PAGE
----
Final Election Day results in Humboldt County showed some races nearly settled and others still in contention, but the county elections office won’t “have a handle” on the number of ballots left needed to count until Thursday afternoon.
“We’re in the process of organizing everything that has been returned from the polling locations from (Tuesday),” Kelly Sanders, the county clerk recorder, told the Times-Standard in an email.
Through the end of elections night, mail-in ballots had been counted and 87 of 144 precincts had reported. But until the elections office confirms how many ballots still need to be processed, even the races with wide margins aren’t settled with 100 percent certainty, though there’s good reason for certain candidates to be confident.
Susan Seaman is on a path to being Eureka’s next mayor, winning 44.38 percent of the votes in the latest report. For Eureka city council, Leslie Castellano, Natalie Arroyo and Kim Bergel hold steady leads.
Measure O, a countywide sales tax for emergency services, has received more than 71 percent yes votes, putting it in a safe position. Measure K, which would bolster sanctuary protections for the county’s undocumented immigrants, now has 51.56 percent voter approval after trailing in the first two set of results.
In Arcata, Sofia Pereira and Brett Watson appear comfortably on the way to defending their city council seats, with challenger Valerie Rose-Campbell in their rearview. A measure to protect the city’s controversial statue of William McKinley from removal — Measure M — is poised to fail with under 38 percent approval.
Yurok runoff to yield new vice chair
Yurok tribal voters in October did not establish a clear winner for either a new vice chair or an Orick District representative on the tribal council, resulting in a runoff election Wednesday to determine both of those seats.
Vice chair candidates Susan Masten and Frankie Joe Myers were the top vote-getters in the Oct. 10 election, but each secured only 23.65 percent of the tribal vote. For the Orick District, Sherri Provolt fell just short of winning more than 50 percent voter support, so she and Laura White Woods will compete in the runoff.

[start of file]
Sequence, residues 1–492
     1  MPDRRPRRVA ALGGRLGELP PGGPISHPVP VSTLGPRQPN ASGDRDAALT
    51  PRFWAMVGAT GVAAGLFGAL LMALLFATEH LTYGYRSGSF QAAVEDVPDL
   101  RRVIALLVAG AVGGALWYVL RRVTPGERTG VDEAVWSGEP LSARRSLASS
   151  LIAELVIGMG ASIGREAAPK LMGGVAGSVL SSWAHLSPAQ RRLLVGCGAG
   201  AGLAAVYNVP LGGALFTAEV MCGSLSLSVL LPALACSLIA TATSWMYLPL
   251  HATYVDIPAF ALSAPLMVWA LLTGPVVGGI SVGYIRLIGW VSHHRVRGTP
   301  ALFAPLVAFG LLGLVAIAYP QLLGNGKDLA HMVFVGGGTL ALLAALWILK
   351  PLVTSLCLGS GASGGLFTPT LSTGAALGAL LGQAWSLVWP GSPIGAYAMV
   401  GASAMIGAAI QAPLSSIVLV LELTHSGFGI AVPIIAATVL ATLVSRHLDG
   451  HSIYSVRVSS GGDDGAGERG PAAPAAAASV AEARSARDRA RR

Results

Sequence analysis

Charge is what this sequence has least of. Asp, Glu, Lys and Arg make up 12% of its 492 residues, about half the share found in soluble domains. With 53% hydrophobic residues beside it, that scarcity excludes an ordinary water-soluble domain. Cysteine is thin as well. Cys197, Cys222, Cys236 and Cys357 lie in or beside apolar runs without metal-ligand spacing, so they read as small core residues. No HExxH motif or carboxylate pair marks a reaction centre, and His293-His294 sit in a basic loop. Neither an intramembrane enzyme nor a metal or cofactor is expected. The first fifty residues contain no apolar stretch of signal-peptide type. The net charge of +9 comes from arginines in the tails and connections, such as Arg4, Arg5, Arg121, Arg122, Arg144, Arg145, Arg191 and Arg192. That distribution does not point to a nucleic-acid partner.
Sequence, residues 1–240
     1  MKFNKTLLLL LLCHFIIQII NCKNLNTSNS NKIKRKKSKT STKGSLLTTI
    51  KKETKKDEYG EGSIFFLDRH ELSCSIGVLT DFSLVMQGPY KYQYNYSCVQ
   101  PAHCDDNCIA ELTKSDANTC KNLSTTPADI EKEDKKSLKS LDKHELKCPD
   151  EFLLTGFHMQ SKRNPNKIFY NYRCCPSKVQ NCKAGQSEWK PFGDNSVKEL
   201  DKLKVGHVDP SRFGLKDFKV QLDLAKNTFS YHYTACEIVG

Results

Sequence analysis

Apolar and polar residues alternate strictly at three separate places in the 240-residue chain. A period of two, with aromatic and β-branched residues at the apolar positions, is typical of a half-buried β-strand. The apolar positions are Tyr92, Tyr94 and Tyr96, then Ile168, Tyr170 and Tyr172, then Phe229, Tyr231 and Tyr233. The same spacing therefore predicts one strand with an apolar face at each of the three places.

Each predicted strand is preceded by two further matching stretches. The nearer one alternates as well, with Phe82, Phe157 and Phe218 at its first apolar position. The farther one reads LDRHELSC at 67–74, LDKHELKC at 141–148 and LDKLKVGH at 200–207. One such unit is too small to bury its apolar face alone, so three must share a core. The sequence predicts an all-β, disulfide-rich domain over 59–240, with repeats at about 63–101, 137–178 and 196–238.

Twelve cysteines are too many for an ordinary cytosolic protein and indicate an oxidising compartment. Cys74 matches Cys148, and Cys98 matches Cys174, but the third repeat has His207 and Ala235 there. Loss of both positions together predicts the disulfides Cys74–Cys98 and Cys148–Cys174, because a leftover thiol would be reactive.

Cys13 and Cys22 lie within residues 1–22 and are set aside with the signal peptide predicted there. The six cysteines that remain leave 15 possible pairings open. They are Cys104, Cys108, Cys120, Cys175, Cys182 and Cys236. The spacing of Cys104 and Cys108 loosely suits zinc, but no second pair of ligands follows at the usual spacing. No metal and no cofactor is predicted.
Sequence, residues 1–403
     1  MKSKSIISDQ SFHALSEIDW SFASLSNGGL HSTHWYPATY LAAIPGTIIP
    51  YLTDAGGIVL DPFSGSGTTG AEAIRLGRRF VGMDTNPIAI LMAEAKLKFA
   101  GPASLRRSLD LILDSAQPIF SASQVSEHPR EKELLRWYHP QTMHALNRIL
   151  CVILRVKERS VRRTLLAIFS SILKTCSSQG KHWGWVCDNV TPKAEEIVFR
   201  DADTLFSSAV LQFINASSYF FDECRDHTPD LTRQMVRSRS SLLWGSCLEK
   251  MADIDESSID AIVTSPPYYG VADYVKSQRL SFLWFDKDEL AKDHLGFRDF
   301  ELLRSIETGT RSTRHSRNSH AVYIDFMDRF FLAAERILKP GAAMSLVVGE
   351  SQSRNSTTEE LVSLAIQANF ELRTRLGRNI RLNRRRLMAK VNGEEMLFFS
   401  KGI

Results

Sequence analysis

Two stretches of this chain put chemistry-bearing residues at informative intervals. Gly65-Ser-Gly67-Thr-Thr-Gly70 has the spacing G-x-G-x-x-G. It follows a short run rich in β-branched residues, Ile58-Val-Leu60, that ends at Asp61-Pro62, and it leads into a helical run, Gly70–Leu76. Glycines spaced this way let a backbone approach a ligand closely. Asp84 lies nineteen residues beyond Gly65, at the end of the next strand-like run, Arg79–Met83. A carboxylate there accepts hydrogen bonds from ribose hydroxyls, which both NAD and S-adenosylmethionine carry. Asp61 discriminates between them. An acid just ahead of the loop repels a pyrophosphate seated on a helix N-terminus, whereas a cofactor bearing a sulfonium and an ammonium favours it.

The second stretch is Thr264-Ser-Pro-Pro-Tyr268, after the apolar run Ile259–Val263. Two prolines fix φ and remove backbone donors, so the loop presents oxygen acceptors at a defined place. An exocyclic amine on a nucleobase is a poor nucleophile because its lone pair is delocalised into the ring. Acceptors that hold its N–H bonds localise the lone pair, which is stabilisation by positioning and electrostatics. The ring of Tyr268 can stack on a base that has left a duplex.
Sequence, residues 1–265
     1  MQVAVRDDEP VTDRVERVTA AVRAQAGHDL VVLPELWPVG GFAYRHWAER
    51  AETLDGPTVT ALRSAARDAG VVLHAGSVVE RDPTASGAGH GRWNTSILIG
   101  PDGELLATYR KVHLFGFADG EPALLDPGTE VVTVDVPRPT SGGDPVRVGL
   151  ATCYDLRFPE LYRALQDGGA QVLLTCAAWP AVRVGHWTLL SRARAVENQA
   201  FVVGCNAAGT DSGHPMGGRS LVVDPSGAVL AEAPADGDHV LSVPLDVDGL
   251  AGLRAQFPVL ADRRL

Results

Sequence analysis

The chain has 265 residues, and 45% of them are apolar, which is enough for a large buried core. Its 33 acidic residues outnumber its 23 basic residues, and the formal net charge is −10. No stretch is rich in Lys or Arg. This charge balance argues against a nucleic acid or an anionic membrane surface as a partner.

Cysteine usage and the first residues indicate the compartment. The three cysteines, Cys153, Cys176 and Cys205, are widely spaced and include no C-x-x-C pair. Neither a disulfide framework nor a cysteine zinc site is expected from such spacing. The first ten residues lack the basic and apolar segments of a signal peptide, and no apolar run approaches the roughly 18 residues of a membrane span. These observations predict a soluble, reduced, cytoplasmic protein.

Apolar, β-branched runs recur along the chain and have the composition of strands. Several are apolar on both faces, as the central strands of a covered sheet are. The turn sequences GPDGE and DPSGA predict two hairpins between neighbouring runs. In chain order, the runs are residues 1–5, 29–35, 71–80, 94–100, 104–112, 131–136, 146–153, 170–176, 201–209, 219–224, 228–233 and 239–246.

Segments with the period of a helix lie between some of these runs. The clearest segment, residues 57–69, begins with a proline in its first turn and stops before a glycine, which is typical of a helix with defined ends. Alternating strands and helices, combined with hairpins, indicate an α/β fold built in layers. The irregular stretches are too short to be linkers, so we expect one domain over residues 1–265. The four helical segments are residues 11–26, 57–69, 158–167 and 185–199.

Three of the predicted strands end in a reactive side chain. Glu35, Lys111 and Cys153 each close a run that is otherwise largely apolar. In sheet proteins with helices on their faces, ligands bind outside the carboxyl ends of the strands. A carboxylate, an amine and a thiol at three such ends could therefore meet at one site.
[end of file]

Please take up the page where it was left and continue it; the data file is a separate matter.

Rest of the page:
In the same Oct. 10 election, Joseph James became the new chair of the tribe, winning a hair over 50 percent. James ran with Myers on the same ticket, the two pushing Myers’ 18 years of experience working for the tribe in various departments, including social services, fisheries and public safety.
Masten campaigned on promises of opening low-interest loans for tribal housing and advocating for elders with disabilities.
Days after the October election, she received a lifetime achievement award from the Native American Finance Officers Association. She was commended for her work in advocating for better federal policy and representation for Native American women.
Results from the runoff election are expected to become clear late Wednesday night or early Thursday morning, said Matt Mais, a tribe spokesperson.
Trump hat deemed ‘electioneering’ material
A minor controversy in Trinidad over a local man’s attempt to enter a polling place with a red “Make America Great Again” hat on top of his head prompted coverage from local broadcast news stations, though a city official said the incident was handled quickly.
“It wasn’t as big as the hype suggests,” said Gabe Adams, the city clerk. “The whole thing was over in 10 minutes.”
Poll workers stopped the man from entering, pointing to a sign that indicates a “no electioneering” policy near the voting booths. Electioneering refers to any sort of rooting or noticeable support for an election campaign.
The man refused to remove his hat, citing free speech rights. He also said the hat, commonly recognized as the symbol of President Donald Trump, could not be considered electioneering since Trump was not up for an election.
Adams noted poll workers are trained based on statewide election rules, which disallow electioneering. The city of Trinidad doesn’t assign any rules itself.
“If someone comes in and ticks them off and argues, they’ll just call the police,” he said. To his knowledge, police never actually arrived, though he later heard of some chatter on police scanner traffic.
Ultimately, Adams arranged for the two sides to reach a compromise.
“I stood in the threshold and the man reached into the vicinity to hand me his ballot,” Adams said. “And I handed it to the poll worker.”
That seemed to resolve the conflict, he said.
Local worries voting machine ‘stopped working’
A woman said she and others at a McKinleyville polling location were not able to immediately cast their ballots because a voting machine broke down — an incident the county elections office later downplayed.
Donna Wilson, 72, said she attempted to vote in person shortly before noon Tuesday at the Catholic Church of Christ the King in McKinleyville, but the poll’s voting machine wouldn’t accept her ballot.
“I’m a left-handed person,” she said, “and twice in my voting career, the ink from my pen has gotten on my hand and caused a smudge on my ballot.”
She said poll workers shoved her ballot, as well as others’, into a box off to the side. Inside the box, she said, there were already a whole pile of ballots.
“They didn’t do a lot to reassure me that my ballot won’t be bounced,” she said. After calling the elections office twice, she said, an official called her to take down her name and address to ensure her vote would be counted.
Kelly Sanders, the county clerk recorder, said in an email there were no reported “machine breakdowns” in McKinleyville.
“A few instances occurred that were easily resolved,” she said. These instances, she said, included a machine running out of paper, which prompted workers to replace the paper roll; a paper jam, which was quickly resolved; and an electronic scanning machine that was accidentally unplugged and needed to be rebooted.
Shomik Mukherjee can be reached at 707-441-0504.